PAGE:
Landlords who deal with private and social housing may want to take the time to ensure that their properties meet all the required standards before the introduction of a new Act- The Homes (Fitness for Human Habitation) Act on the 20th March 2019!
The Homes (Fitness for Human Habitation) Act 2018
The new Act: The Homes (Fitness for Human Habitation) Act highlights new rights given to tenants, including the power to sue landlords who haven’t made the adequate steps to maintaining their properties and keeping them fit for human habitation.
In addition the act will offer tenants the chance to force negligent landlords to complete improvement work, if they fail to do so, they could be taken to court for a breach of contract, and even potentially claim compensation.
The Homes (Fitness for Human Habitation) Act received Royal Assent on the 20th December 2018, and when it comes into force it will amend relevant sections of the Landlord and Tenant Act 1985, through extending the terms to almost all landlords and modernising the ‘fitness for habitation’ test.
Which Tenancies are affected?
The new Act applies to private and social tenants in England when they:
- Start a new tenancy after 20th March 2019; or
- Renew a tenancy after 20th March 2019.
*Any Tenancy (or renewal) entered into before the 20th March will not be covered by the legislation, even if occupation begins after that date.*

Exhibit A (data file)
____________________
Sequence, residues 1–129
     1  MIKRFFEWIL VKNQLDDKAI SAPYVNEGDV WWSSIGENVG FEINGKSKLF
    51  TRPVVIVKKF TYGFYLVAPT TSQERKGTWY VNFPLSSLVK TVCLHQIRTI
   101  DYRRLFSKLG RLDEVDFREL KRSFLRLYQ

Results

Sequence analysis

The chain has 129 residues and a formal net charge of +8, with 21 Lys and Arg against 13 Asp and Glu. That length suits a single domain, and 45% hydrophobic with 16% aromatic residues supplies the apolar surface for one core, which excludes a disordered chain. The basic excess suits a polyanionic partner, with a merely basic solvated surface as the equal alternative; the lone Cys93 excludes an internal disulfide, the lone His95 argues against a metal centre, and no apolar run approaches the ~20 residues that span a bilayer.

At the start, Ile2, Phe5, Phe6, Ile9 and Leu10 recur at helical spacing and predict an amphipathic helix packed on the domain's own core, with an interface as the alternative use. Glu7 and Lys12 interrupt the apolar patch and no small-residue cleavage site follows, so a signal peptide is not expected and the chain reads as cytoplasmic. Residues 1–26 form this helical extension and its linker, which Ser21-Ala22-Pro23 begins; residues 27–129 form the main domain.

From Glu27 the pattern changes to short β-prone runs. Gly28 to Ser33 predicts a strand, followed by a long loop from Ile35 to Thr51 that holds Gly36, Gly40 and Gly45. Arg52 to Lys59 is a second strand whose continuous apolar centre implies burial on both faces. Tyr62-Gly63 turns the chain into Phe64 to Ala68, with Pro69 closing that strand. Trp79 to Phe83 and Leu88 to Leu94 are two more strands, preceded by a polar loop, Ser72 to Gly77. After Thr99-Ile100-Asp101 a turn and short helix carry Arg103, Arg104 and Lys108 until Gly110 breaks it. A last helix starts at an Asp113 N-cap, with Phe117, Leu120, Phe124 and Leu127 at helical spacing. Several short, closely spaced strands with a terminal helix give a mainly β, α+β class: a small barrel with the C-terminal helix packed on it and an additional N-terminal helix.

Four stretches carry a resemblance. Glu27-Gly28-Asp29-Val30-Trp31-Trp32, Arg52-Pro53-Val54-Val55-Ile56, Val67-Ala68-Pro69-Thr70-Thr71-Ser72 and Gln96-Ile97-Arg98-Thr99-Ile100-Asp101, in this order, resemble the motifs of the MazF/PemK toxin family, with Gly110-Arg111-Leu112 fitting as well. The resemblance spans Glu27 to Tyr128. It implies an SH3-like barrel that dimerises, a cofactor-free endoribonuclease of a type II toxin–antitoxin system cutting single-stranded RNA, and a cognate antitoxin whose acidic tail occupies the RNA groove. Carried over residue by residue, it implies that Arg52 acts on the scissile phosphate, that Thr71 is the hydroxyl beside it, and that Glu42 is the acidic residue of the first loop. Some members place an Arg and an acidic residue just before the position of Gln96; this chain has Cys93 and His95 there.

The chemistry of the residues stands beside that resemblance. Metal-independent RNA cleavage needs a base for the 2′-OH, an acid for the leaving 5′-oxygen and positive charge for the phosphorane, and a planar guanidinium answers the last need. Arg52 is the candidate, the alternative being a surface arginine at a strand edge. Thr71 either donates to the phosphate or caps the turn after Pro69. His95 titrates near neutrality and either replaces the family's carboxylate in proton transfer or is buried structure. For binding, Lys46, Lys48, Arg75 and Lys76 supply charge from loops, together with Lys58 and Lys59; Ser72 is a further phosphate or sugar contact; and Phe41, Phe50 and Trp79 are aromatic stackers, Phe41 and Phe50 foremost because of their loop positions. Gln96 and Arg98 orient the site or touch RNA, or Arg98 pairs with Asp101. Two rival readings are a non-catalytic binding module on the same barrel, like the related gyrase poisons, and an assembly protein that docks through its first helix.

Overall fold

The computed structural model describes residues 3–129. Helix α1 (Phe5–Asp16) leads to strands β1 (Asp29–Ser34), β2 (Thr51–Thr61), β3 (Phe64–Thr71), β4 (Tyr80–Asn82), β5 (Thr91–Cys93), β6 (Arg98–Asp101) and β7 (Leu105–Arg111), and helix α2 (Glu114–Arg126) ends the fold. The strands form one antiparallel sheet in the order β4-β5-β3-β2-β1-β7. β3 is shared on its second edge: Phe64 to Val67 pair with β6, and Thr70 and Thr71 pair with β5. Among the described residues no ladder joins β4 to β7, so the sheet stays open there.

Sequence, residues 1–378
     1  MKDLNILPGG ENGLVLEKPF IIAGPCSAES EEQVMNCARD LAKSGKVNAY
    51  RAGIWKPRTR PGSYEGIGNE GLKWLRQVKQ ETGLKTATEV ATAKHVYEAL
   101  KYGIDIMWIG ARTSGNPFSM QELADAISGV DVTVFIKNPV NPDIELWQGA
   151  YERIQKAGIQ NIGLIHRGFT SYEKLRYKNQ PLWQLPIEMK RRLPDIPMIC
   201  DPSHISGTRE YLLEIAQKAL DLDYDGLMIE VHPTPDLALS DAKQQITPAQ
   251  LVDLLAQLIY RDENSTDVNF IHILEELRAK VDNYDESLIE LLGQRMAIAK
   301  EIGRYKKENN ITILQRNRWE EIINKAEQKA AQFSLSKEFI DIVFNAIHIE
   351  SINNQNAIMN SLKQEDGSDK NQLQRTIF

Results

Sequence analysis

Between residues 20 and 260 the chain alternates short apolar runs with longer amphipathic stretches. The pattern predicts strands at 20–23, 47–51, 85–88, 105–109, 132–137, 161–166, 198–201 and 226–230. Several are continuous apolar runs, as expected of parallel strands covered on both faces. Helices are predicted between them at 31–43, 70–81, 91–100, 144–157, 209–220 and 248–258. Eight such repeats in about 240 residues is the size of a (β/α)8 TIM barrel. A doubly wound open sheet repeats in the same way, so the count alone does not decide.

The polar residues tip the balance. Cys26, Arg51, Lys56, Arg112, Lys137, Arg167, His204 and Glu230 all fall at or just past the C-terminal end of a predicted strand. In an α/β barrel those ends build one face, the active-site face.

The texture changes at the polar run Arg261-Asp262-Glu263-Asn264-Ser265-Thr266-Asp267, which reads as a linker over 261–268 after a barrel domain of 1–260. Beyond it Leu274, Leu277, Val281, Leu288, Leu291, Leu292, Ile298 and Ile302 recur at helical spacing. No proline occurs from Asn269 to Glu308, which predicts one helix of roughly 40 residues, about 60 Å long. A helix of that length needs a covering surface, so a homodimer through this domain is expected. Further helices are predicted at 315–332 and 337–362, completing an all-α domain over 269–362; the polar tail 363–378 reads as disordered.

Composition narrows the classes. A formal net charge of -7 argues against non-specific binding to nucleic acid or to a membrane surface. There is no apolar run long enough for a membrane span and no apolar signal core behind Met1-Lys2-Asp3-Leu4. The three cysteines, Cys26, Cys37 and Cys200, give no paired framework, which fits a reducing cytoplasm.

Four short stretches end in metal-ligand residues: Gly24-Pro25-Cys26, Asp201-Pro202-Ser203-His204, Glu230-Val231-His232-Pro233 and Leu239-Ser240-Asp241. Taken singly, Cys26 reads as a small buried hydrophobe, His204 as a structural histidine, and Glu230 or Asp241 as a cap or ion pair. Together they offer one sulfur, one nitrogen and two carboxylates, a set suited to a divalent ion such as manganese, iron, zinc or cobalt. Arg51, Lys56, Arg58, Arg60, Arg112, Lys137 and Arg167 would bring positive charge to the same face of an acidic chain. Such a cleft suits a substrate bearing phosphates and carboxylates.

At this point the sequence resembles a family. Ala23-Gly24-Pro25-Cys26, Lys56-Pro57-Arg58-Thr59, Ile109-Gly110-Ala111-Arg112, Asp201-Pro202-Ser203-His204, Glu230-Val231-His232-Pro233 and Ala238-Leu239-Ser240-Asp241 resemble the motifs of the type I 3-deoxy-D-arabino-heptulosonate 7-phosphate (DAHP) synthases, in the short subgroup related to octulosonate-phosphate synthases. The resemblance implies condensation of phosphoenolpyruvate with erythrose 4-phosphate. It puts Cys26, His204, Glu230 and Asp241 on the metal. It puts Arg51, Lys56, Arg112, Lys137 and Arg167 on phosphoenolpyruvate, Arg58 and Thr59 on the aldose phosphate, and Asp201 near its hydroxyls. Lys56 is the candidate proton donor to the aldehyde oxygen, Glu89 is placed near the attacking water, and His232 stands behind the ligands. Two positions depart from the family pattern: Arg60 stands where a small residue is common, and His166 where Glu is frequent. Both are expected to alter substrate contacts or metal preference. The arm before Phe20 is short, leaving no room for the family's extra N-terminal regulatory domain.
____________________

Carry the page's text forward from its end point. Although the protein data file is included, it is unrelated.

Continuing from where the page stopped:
The Act covers all tenancy contracts that last up to 7 years. This is slightly different for a contract lasting more than 7 years as this will have a break clause at two years (for instance), so it will instead be treated as a 2 year tenancy, unless the break clause applies only for the tenant.
Why is it needed?
There have been concerns for a long time that property standards in the private rented sector are below sub-standard. The 2016/17 English Housing Survey found that the private rented sector had the highest proportion of homes with at least one indicator of poor housing. Furthermore the Housing Health and Safety Rating System (HHSRS), a risk assessment tool used to assess potential health and risks to occupants of residential properties in England and Wales, reported over 244,000 social dwellings and 794,000 private dwellings to be a ‘Catagory 1’ hazard.
What makes a home ‘unfit for human habitation?
There are various issues that can render a property unsafe, such as:
- Problems with damp
- Insufficient water supply
- Poor drainage
- Inadequate ventilation
- Insufficient lighting
- Unsatisfactory cooking facilities
Whilst the HHSRS is currently under review by the government, a property’s standard of fitness will be assessed by the court utilising the 29 hazard categories provided by the HHSRS.
The new Act will give greater power to tenants, and is backed by both the Residential Landlords Association and the Minister for Housing, Helen Wheeler who commented, “Everyone deserves a safe and decent place to live, regardless of whether you own your home or rent it”.
Why not check out one of our past posts?